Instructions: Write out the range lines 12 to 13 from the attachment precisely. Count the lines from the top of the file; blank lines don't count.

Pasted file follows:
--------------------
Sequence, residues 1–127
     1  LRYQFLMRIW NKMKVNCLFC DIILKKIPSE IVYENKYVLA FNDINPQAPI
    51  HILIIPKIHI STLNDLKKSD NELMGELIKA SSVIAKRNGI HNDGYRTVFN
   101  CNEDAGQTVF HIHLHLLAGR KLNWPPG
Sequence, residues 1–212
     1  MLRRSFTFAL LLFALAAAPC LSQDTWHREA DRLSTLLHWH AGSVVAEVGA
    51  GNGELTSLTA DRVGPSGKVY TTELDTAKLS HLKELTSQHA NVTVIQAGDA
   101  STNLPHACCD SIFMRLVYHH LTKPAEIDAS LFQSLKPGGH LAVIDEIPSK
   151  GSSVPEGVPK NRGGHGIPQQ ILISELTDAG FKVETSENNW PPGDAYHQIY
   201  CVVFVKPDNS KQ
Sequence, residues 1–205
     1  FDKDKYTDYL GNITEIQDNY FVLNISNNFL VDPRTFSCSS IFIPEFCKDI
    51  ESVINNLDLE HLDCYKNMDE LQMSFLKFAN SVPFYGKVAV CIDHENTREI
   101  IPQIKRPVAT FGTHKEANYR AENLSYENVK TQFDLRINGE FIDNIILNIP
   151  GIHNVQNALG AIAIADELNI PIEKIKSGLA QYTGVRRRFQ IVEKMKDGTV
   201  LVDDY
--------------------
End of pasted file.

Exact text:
     1  FDKDKYTDYL GNITEIQDNY FVLNISNNFL VDPRTFSCSS IFIPEFCKDI
    51  ESVINNLDLE HLDCYKNMDE LQMSFLKFAN SVPFYGKVAV CIDHENTREI